Sunday, March 8, 2015

RIP, Vinod Mehta

The news of Vinod Mehta's passing away today was a shock. In many ways he was one-of-a-kind journalist.

My friends who have worked with him have spoken about his unique way of approaching news stories. A rare journalist, he started off his career as an editor, an editor who only looked for the merits in a story, and not whom it will hurt and whom it will please.

He had a down-to-earth, straightforward, simple way of arguing out his points of view. There were no complicated intellectual theories or roundabout deductions. No surprise, his pieces were a treat to read.

He had golden hands that made the publications he touched sparkle. He relaunched Debonair when he was just 32. There was no looking back.

He infused fresh ideas into newspaper reportage and design, as he launched the Sunday Observer, India's first weekly newspaper. Some of the design elements that he used (might have been borrowed from foreign newspapers) in Sunday Observer were a first in India and are still being used in all newspapers.

Two examples: One, on the front page, the rectangular boxes you see below the masthead (name of the paper) containing pointers to inside page news articles; and two, "briefly" group of news summary in the first column.

Then followed the Indian Post, the Independent and the Pioneer (relaunch). His policy of seeing news as only news, not bothering about whether it hurt or pleased anyone, brought him into conflict with not only political powers but also other editors and proprietors. His stints in none of the newspapers lasted long.

He launched Outlook weekly in 1995. Till then we all had only one India Today (which was a fortnightly) to look forward to as a current affairs news magazine. The fact that India Today was forced to become a weekly sums up the impact Outlook had. The newbie reflected Vinod Mehta's way of doing journalism, and quickly gained popularity.

Another remarkable feature he introduced in the Outlook was in the Letters to the Editor column. Letters critical of him and the magazine were highlighted with a boxed display, sometimes even with a cartoon. A very unusual tack for any publication to take -- the general tendency is to trash or underplay views of readers who don't agree with the editor or the line the publication has taken.

His Delhi Diary column on the last page of the Outlook was very popular.

Indian journalism will miss Vinod Mehta. Rest in Peace.

Some of the tributes:

Saturday, March 7, 2015

India's Daughter -- ban, revulsion and hope

It has now been conclusively proved that banning anything that can be online simply doesn't work. I am still clueless why the film -- India's Daughter, produced by Leslee Udwin for the BBC -- has been banned.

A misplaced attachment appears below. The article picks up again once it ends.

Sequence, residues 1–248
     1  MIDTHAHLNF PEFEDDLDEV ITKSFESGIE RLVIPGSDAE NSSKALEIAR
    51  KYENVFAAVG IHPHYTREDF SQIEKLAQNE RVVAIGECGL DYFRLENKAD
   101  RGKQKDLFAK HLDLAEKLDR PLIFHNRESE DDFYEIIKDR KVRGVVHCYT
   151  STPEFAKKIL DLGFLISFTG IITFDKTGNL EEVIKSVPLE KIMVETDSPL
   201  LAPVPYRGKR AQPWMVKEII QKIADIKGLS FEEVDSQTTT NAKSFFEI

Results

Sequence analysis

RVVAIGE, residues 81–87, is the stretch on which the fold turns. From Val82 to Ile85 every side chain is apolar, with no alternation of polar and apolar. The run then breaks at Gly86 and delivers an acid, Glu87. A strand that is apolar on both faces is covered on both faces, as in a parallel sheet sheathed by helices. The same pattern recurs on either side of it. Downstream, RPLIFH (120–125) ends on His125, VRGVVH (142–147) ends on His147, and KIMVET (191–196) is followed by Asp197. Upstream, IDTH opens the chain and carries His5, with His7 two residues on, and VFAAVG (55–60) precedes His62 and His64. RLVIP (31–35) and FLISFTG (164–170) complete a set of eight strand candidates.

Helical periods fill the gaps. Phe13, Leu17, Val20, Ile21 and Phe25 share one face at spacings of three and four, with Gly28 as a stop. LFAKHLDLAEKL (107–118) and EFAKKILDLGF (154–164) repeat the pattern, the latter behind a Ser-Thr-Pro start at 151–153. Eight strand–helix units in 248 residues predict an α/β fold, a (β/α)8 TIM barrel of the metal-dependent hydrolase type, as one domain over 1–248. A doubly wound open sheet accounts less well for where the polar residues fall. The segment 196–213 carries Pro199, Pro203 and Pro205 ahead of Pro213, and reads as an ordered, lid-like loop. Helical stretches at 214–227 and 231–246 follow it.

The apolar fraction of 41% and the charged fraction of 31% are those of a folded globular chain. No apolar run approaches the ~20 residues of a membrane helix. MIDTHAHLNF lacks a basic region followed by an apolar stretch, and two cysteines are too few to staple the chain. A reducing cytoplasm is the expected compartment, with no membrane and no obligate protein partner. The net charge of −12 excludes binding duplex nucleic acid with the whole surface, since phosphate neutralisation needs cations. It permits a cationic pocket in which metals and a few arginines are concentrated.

Is it because the government was angry that a foreign film producer managed to interview a convict on death row inside the Tihar Jail? If it was against law, no one knows who gave the permission and how the crew pulled it off.

I am told one reason for the ban is that the government couldn't allow a foreigner to “defame India and show Indian culture in poor light”. I doubt if there is a more lame excuse. What about the litany of crimes, of all varieties, that happen all cross the country every day? Aren't we shamed already? Is India in a cocoon that prevents the rest of the world from knowing what's happening in our country, so much so that there had to be a Leslee Udwin film to do all the damage to our culture?

Instead of banning the movie, every one from Narendra Modi downwards should watch it. Praise it or trash it – there's no rule that every one should praise the movie -- but why ban it?

Whether you agree or not with the way Udwin has made the film, it's indisputable that the documentary deals comprehensively with a very serious social malaise. The reasons for rape put forward by perverts are nothing new. But the normality of such people, showing no sign of remorse, while they justify their macabre deeds is numbing, to say the least.

One big shocker in the film are the views of the two defence lawyers. One of them likens girls to diamonds, which if left on the street would be taken away by dogs. Another says women are like flowers and they should choose be in the gutter or be in a temple to adorn a deity.

The brouhaha over the movie will die soon. But is there any way forward, to stem the slide?

My thoughts are oscillating between cynicism and hope.

The malaise is a deep-rooted one with its tentacles extending in multiple directions. Gender relations isn't so simple, and no such social problem has a ready-made or tailor-made solution. At the heart of it, is the way a man behaves with a woman. And, there are any number of influences: education, upbringing, surroundings, behaviour of friends and elders including parents, financial and living standards etc.

But I am just hoping, as awareness spreads, there will be a change, for the better. And, let that be sooner than later.